Ballplayer by Chipper Jones


Reviewed by Allen Hott

BallplayerPerhaps not only one of the haughtiest players to have ever played the game but also without a doubt one of the greatest to have ever played major league baseball. Chipper, or (L- a- r- r- y !) Jones as the New York Met’s fans like to call him, tells it like it is as he describes his long career in baseball. The idea that he spent his entire career playing with the Atlanta Braves and while he was there the Braves had some of the greatest years of any baseball franchise is pretty unusual in any sport. Chipper wasn’t the only reason they were so good but he was a very important contributor to that success.

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The book traces his beginnings growing up in a small town in north Florida where he was religiously schooled in the correct way to play baseball by his dad. His dad played college ball at Stetson University and was offered a contract by the Chicago Cubs but since it wasn’t for much money and since Chipper was “on the way” his dad opted to stay on at Stetson as their baseball coach. But more importantly he worked at developing his son into becoming a tremendous ball player.

From very early on Chipper was taught to switch hit (bat both right and left handed) because his dad idolized Mickey Mantle (a switch hitter) and felt that Chipper was not only capable of doing it but doing it well. In his early years they practiced hitting, fielding, and catching day in and day out on their small farm while Chipper’s mom worked at being an equestrian and did so very well professionally. His parents are major reasons for his abilities and successes.

Chipper’s first real chance came when his parents sent him away to Bolles High School in Jacksonville because of the better opportunity to play baseball against better players. Although he didn’t want to leave home he actually excelled at Bolles and was soon being watched by major league scouts because of his overall talents.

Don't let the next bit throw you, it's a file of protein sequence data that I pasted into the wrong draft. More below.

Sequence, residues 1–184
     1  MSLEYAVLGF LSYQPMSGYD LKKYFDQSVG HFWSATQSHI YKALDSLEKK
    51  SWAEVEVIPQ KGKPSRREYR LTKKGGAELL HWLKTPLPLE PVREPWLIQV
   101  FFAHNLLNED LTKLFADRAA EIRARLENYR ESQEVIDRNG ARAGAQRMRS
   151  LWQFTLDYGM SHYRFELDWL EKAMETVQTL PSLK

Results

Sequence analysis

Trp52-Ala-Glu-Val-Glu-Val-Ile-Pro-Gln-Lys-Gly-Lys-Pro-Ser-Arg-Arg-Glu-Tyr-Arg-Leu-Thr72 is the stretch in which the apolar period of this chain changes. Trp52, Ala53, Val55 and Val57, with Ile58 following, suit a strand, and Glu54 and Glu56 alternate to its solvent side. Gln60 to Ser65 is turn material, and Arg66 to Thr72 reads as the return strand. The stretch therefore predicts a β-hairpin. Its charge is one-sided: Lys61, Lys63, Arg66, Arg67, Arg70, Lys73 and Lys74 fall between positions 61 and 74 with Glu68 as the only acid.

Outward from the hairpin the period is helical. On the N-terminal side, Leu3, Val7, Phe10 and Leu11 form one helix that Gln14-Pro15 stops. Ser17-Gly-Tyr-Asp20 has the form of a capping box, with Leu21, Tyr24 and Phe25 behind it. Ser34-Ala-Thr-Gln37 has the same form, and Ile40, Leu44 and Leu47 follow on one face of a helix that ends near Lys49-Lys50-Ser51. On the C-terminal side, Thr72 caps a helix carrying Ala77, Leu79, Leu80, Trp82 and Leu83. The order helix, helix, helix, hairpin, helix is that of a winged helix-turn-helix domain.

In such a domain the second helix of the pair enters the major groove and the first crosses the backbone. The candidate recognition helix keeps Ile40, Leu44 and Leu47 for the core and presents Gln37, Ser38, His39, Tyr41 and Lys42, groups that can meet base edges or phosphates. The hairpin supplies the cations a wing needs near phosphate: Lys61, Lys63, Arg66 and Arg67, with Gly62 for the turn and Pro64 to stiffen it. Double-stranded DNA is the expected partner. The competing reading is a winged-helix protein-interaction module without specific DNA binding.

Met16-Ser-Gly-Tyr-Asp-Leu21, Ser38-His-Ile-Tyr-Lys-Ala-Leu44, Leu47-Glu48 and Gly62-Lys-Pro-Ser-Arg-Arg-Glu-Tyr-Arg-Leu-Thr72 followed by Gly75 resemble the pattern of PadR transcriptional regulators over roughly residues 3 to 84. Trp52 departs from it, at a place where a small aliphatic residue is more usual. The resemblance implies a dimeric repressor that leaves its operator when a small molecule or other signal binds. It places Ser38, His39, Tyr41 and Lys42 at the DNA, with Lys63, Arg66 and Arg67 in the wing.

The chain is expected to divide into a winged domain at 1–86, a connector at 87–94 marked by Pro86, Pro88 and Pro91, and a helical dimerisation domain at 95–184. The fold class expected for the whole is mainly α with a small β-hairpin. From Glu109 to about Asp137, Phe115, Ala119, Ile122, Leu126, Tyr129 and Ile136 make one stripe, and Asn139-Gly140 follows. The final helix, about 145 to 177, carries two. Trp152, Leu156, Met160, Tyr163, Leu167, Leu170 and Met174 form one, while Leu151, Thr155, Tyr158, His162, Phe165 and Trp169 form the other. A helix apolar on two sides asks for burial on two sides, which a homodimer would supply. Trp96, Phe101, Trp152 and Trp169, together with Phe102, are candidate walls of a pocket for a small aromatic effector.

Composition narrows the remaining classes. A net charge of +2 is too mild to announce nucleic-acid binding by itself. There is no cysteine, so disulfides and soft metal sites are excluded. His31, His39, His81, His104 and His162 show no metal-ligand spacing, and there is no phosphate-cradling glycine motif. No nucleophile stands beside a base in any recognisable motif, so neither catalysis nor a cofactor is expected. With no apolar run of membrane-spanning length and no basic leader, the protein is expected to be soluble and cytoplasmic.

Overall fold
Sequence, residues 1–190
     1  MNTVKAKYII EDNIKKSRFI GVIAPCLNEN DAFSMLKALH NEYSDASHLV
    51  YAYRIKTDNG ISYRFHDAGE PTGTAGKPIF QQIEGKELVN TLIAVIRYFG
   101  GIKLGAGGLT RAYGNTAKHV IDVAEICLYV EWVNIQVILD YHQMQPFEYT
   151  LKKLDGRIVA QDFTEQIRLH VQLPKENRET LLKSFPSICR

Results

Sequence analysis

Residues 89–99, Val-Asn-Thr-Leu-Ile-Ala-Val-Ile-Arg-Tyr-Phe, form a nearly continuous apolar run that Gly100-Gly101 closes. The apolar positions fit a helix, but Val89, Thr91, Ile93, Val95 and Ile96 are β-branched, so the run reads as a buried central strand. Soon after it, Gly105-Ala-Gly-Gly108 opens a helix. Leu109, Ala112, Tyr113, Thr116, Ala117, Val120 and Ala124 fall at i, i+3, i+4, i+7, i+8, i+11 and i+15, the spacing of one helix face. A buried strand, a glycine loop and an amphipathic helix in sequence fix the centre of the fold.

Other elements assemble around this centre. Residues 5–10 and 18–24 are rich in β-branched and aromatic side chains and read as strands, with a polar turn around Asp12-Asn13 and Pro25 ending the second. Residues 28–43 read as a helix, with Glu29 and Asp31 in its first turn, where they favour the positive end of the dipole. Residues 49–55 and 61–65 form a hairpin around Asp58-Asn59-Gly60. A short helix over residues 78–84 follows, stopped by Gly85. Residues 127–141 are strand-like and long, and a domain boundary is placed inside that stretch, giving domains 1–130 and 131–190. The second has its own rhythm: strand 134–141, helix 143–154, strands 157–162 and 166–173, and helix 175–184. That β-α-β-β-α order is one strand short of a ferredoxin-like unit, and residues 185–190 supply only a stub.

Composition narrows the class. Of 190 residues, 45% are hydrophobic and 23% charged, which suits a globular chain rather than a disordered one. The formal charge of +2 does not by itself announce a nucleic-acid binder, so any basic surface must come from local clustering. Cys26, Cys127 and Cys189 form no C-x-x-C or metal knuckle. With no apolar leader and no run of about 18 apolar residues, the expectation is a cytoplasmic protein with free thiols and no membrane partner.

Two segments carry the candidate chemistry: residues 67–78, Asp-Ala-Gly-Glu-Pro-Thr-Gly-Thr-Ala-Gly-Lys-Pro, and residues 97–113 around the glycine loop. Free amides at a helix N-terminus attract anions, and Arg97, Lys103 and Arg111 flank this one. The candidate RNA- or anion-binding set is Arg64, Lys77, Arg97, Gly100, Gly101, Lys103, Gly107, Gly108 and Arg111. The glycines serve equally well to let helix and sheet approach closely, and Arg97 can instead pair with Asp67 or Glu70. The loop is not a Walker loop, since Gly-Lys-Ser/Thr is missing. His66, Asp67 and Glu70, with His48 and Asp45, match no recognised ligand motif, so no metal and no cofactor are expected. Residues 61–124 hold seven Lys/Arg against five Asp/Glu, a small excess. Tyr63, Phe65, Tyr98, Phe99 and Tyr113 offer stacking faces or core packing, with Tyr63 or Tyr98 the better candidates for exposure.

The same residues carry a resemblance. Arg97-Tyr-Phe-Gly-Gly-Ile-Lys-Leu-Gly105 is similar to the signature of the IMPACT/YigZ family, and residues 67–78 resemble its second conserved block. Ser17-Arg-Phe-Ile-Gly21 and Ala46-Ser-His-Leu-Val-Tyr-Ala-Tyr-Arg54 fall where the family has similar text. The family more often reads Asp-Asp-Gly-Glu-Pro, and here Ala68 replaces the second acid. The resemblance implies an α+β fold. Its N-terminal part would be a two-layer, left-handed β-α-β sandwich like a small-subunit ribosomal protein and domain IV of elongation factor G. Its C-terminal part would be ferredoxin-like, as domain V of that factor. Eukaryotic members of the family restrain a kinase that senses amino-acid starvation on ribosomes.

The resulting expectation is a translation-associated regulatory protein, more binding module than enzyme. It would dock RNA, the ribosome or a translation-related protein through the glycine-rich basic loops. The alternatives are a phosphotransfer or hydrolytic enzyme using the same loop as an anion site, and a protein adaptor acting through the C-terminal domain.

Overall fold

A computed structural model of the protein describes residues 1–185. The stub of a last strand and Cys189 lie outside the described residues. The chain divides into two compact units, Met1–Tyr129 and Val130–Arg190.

Signed out of high school by the Atlanta Braves Chipper went on into the minors to learn even more about the game but it didn’t take long for his talent to be recognized and he was on his way to Atlanta and the big Leagues.

The book follows Chipper through his nineteen year career with Atlanta and tells of all the accomplishments that the Braves made during that time. He describes in detail often how he would figure out what pitch a pitcher was going to throw and how and where he planned to hit it. He also gives the reader a chance to feel what it is like to play third base in the majors and to live the life of a major league ball player.

He writes of many of his conversations with other big name ball players, coaches, and managers that he was with. Some of these have become lifelong friends and others not so much!

All in all it is a great read for anyone interested in baseball and especially those who are followers of the Atlanta Braves. Lots of great insight into the great moments of Chipper’s accomplishments and the Braves’ run during his career which was great for him and Atlanta!